Note that platforms supporting the dual-stack are already supported. This:

 socket.create_server_socket((::, 0))

...on Linux will create a socket which is reachable both as ::1 and 
127.0.0.1.
So if I'm not mistaken the alias for specifying listen on all interfaces for 
both IPv4 and IPv6 addresses would be :: instead of  / None.
We can document that.

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[issue17561] Add socket.create_server_sock() convenience function

2013-03-27 Thread Giampaolo Rodola'

Giampaolo Rodola' added the comment:

Side note: this is how in pyftpdlib I determine whether a platform supports the 
dual stack:

def support_hybrid_ip_v4_v6():
# Note: IPPROTO_IPV6 constant is broken on Windows, see:
# http://bugs.python.org/issue6926
sock = None
try:
if not socket.has_ipv6:
return False
sock = socket.socket(socket.AF_INET6)
return not sock.getsockopt(socket.IPPROTO_IPV6, socket.IPV6_V6ONLY)
except (socket.error, AttributeError):
return False
finally:
if sock is not None:
sock.close()

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[issue17560] problem using multiprocessing with really big objects?

2013-03-27 Thread Richard Oudkerk

Richard Oudkerk added the comment:

On 27/03/2013 7:27pm, Charles-François Natali wrote:

 Charles-François Natali added the comment:

 Through fork, yes, but shared rather than copy-on-write.

 There's a subtlety: because of refcounting, just treating a COW object
 as read-only (e.g. iteratin on the array) will trigger a copy
 anyway...

I mean write-through (as opposed to read-only or copy-on-write).

   I don't think shm_open() really has any advantages over
 using mmaps backed by proper files (since posix shared memeory uses up
 space in /dev/shm which is limited).

 File-backed mmap() will incur disk I/O (although some of the data will
 probably sit in the page cache), which would be much slower than a
 shared memory. Also, you need corresponding disk space.
 As for the /dev/shm limit, it's normally dimensioned according to the
 amount of RAM, which is normally, which is in turn dimensioned
 according to the working set.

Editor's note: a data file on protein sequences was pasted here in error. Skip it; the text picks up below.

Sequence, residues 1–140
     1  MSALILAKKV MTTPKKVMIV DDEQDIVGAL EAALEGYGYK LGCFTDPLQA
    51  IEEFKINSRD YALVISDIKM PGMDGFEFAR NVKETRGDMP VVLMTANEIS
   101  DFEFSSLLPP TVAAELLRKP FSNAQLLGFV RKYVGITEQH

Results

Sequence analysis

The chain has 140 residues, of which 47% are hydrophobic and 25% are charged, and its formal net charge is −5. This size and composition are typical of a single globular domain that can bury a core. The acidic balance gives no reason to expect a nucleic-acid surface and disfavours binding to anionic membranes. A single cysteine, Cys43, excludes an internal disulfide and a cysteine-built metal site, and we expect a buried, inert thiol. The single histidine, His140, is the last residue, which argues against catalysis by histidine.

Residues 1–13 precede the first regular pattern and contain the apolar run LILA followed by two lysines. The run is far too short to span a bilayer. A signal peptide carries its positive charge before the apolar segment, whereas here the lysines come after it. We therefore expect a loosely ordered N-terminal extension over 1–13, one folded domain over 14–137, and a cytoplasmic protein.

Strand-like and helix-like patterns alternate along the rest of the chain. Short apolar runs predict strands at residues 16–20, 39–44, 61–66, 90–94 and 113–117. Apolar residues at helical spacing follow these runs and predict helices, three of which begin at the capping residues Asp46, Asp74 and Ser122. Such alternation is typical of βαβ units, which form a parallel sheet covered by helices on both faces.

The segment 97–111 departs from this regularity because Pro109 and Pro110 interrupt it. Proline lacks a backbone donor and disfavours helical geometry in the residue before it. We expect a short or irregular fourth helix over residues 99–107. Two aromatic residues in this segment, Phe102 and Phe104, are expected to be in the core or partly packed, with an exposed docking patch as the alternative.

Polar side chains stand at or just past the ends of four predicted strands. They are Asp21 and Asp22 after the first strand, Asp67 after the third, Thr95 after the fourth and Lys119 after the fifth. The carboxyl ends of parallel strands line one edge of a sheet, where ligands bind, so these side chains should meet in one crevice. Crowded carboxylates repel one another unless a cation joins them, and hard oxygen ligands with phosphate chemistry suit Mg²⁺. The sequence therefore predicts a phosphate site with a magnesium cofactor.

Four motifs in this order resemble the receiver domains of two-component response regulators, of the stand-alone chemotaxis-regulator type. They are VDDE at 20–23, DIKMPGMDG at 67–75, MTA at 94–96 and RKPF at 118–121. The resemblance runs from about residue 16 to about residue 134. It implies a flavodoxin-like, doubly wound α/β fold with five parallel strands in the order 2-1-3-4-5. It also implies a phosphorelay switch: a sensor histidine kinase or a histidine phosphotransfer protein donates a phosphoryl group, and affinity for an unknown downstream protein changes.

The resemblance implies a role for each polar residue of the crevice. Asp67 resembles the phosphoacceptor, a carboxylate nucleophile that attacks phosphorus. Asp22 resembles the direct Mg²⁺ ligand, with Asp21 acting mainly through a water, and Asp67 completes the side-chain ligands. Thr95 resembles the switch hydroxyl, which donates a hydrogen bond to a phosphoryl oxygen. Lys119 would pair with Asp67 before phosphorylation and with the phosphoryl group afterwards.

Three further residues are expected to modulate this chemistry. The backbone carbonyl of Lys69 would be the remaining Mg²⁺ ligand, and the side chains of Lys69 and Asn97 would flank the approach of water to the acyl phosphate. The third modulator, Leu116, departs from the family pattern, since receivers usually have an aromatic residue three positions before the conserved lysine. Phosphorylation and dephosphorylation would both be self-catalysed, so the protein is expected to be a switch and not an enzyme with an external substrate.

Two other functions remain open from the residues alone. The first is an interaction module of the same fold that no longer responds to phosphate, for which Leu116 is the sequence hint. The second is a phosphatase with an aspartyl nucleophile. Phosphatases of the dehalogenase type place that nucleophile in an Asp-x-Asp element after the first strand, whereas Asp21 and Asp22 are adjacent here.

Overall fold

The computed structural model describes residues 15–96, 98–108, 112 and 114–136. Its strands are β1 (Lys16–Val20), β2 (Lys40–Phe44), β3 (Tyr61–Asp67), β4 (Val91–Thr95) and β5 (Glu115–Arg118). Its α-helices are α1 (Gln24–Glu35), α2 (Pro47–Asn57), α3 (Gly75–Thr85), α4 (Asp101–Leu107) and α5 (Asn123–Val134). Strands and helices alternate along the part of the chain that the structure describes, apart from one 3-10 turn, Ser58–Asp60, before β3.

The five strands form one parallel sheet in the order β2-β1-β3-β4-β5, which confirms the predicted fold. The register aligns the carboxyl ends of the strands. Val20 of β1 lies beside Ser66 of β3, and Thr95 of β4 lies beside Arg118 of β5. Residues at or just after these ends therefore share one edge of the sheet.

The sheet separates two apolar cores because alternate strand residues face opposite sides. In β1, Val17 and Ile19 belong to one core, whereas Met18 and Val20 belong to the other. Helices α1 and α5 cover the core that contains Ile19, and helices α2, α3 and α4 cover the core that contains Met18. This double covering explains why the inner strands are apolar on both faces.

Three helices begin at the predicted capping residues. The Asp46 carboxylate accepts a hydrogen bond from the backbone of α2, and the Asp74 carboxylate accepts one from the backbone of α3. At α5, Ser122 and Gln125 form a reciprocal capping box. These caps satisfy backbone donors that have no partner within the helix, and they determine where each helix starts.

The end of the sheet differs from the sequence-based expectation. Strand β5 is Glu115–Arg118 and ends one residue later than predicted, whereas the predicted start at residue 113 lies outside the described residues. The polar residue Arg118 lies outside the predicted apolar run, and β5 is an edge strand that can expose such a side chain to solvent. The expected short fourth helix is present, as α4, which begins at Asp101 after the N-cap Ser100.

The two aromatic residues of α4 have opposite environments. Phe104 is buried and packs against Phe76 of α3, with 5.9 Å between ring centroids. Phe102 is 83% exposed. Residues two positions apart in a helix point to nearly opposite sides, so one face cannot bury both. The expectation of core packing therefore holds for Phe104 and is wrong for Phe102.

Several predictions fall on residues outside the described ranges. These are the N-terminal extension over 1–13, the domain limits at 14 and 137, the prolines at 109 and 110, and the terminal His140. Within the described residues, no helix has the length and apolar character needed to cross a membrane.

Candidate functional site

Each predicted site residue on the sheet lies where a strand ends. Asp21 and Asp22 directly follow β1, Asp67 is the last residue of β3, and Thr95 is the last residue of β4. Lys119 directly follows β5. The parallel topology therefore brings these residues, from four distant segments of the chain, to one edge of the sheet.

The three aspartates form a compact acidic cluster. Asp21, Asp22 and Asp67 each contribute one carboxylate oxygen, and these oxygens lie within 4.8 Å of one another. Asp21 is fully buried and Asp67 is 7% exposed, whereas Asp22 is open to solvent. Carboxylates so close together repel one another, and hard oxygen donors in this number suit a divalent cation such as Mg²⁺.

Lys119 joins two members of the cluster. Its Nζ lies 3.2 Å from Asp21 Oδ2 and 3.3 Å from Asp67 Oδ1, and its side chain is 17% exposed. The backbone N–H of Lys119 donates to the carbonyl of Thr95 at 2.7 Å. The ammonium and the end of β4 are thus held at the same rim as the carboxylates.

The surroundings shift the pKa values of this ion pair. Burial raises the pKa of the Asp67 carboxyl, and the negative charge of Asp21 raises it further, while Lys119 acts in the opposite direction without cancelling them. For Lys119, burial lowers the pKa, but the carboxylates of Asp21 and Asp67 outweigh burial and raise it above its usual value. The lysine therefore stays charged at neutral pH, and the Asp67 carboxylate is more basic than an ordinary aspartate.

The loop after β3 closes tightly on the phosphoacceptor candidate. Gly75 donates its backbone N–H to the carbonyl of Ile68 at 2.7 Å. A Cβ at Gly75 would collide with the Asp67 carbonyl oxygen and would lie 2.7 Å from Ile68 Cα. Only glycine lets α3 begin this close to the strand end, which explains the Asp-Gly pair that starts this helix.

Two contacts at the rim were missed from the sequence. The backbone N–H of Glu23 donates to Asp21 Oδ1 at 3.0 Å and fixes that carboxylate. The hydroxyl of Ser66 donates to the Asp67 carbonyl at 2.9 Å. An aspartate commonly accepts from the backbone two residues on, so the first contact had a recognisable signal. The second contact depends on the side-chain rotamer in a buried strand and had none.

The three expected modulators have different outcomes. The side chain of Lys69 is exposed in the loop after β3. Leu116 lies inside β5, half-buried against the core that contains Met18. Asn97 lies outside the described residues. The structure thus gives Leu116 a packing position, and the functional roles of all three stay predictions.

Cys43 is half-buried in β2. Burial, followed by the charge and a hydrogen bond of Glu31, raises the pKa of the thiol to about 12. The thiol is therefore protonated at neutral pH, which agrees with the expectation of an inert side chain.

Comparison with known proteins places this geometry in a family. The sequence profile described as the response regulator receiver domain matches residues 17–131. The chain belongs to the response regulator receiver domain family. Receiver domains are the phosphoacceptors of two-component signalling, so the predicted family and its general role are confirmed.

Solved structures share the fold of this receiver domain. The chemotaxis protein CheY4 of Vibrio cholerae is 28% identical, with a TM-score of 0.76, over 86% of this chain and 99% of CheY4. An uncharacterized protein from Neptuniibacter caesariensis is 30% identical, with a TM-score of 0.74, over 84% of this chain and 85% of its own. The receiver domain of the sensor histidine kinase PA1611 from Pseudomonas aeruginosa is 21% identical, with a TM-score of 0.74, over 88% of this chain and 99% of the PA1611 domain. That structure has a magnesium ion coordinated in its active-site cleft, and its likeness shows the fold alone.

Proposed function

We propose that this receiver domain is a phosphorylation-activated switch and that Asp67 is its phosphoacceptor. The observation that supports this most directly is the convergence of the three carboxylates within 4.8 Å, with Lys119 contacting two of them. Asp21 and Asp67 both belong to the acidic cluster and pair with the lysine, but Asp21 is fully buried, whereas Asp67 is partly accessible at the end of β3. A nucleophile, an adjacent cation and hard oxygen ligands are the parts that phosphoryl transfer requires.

Apart from creating, unlinking and resizing the file I don't think there 
should be any disk I/O.

On Linux disk I/O only occurs when fsync() or close() are called. 
FreeBSD has a MAP_NOSYNC flag which gives Linux behaviour (otherwise 
dirty pages are flushed every 30-60).

Once the file has been unlink()ed then any sensible operating system 
should realize it does not need to sync the file.

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[issue17561] Add socket.create_server_sock() convenience function

2013-03-27 Thread Guido van Rossum

Guido van Rossum added the comment:

Tulip has something similar.  Someone should compare the two and make sure they 
are equivalent or similar.

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[issue17560] problem using multiprocessing with really big objects?

2013-03-27 Thread Charles-François Natali

Charles-François Natali added the comment:

 Apart from creating, unlinking and resizing the file I don't think there
 should be any disk I/O.

 On Linux disk I/O only occurs when fsync() or close() are called.

What?
Writeback occurs depending on the memory pressure, percentage of used
pages, page modification time, etc. Try writing a large file without
closing it, you'll see that there's disk activity (or use
iostat/vmstat).

 FreeBSD has a MAP_NOSYNC flag which gives Linux behaviour (otherwise
 dirty pages are flushed every 30-60).

It's the same on Linux, depending on your mount options, data will be
committed to disk every 5 seconds or so, when the journal is
committed.

 Once the file has been unlink()ed then any sensible operating system
 should realize it does not need to sync the file.

Why?
Even if you delete the file right after open, if you write data to it,